Netflix will nearly double it’s original content in 2017


Netflix has come a long ways from the days of their red-papered mailers. From their inception of a novel approach to letting subscribers rent movies online for a fixed monthly fee (and not getting slapped with late fines), to now they’re intent taking on the likes of HBO, Starz, and AMC with a huge increase to their 2017 production slate.

With thirty original scripted series currently available or in the active production pipeline, Netflix’s Chief Content Officer Ted Sarandos has indicated that they are about to expand heavily into the realm of unscripted series. With the combination of their existing scripted series, as well as “about 20” unscripted new ones, Netflix is aiming to have in excess of 1,000 hours of original programming in 2017.

Most episodic based content producers have a focus on a particular country, however in the case of Netflix (and also Amazon), they have an opportunity to create for both individual regions as well as a worldwide audience. While speaking to investors at the UBS Global Media and Communications Conference, Sarandos commented on their upcoming Ultimate Beastmaster series, produced by Silvester Stallone, saying, “When Beastmaster hits Korea, they’ll never have seen anything like it.”

Netflix is aiming to spend around $6 billion (in USD) in 2017 on original content production, and senior staff has already expressed a goal of 50% of their content being created either in-house or developed as part of a licensing deal. He did note, “I don’t want to get trapped in that model” of winding up in the position of exclusively producing each and every original series in-house. In many instances it made sense to develop series in tandem with another studio, such as the recent reboot of Gilmore Girls with Warner Bros., or their co-production of the upcoming Star Trek: Beyond with CBS (Netflix will be the content provider for the new Trek for all non-US countries).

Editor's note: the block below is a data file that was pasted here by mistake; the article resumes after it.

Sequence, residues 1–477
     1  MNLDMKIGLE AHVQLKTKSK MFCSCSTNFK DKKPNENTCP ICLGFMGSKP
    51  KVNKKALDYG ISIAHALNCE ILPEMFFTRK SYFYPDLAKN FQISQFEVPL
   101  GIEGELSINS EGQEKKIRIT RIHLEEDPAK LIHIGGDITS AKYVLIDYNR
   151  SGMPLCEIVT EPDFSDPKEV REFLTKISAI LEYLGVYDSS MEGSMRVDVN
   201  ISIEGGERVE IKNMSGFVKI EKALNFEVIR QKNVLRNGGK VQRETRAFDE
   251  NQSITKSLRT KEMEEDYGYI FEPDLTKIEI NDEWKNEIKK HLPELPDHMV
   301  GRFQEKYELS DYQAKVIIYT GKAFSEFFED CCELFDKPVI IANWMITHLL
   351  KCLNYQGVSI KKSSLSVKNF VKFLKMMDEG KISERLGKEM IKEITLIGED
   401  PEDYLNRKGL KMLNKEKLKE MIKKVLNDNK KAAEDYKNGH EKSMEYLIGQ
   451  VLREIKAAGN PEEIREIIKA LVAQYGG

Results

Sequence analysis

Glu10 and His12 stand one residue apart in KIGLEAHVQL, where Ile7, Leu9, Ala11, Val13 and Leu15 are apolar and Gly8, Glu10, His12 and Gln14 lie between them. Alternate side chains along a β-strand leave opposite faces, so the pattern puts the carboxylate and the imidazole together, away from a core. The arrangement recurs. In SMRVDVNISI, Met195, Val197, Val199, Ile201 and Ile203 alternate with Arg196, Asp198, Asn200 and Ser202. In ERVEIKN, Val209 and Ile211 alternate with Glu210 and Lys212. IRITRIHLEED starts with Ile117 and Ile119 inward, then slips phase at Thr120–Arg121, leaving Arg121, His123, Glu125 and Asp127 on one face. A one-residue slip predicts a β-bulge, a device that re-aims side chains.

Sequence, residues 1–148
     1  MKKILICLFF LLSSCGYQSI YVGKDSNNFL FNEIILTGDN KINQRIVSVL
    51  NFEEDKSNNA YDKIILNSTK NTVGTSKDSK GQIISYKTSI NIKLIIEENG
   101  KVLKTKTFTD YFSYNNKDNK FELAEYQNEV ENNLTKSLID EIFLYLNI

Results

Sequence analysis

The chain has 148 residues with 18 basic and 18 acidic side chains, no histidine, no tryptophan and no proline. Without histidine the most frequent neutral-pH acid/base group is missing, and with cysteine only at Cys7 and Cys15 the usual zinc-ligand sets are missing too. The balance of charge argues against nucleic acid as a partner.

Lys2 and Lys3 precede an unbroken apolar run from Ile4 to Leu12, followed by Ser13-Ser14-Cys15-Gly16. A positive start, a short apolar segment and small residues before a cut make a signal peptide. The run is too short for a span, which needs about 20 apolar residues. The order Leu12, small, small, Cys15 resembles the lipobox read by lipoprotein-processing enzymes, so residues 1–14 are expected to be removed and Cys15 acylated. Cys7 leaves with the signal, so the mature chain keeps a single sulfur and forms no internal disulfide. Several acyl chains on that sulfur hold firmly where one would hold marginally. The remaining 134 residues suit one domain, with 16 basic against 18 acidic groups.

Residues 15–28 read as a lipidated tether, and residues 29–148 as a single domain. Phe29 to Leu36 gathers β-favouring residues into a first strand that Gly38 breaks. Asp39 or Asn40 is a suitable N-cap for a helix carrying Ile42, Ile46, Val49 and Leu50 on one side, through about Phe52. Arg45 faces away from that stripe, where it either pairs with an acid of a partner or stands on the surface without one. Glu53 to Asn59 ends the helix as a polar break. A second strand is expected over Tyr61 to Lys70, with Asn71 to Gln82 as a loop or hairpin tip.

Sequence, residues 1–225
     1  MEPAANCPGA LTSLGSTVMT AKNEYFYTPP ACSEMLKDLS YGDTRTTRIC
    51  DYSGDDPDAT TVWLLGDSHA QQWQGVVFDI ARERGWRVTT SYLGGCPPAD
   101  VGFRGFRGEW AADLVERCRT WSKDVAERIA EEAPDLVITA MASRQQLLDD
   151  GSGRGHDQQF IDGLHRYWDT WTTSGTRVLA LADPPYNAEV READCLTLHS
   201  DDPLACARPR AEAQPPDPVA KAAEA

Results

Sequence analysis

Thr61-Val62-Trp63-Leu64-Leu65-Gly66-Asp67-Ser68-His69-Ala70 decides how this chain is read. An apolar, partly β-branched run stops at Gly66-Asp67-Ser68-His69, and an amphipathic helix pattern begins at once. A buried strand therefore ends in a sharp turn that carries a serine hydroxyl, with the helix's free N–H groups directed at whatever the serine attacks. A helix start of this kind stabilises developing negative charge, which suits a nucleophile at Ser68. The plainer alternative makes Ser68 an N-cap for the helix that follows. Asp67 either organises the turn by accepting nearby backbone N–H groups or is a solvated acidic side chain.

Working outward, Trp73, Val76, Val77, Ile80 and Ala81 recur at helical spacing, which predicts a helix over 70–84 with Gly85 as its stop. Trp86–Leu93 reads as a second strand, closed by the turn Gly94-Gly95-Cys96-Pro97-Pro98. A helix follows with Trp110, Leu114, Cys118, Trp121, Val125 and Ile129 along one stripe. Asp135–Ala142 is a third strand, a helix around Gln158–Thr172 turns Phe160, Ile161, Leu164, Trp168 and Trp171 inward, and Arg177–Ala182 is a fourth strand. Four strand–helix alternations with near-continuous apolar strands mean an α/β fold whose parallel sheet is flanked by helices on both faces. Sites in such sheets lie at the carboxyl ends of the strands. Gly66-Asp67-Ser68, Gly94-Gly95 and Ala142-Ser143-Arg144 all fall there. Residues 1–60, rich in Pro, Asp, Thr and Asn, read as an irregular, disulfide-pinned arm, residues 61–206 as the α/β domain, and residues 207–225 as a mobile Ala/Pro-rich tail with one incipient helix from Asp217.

On the topic of sports broadcasting, Sarandos mentioned that live sports programming wasn’t really one of their near-term goals, “At the risk of being repetitive, to the extent that the live-ness is the selling point, we’re really not a great solution.” But he didn’t completely scratch the sports concept as he added, “league creation might be interesting.” With that said I can hear another unscripted series already underway, The next top [insert your favorite sports name here] superstar!

About Bill Watters

Games programmer by day, geek culture and fandom writer by night. You'll find me writing most often about tv and movies with a healthy side dose of the goings-on around the convention and fandom scene.

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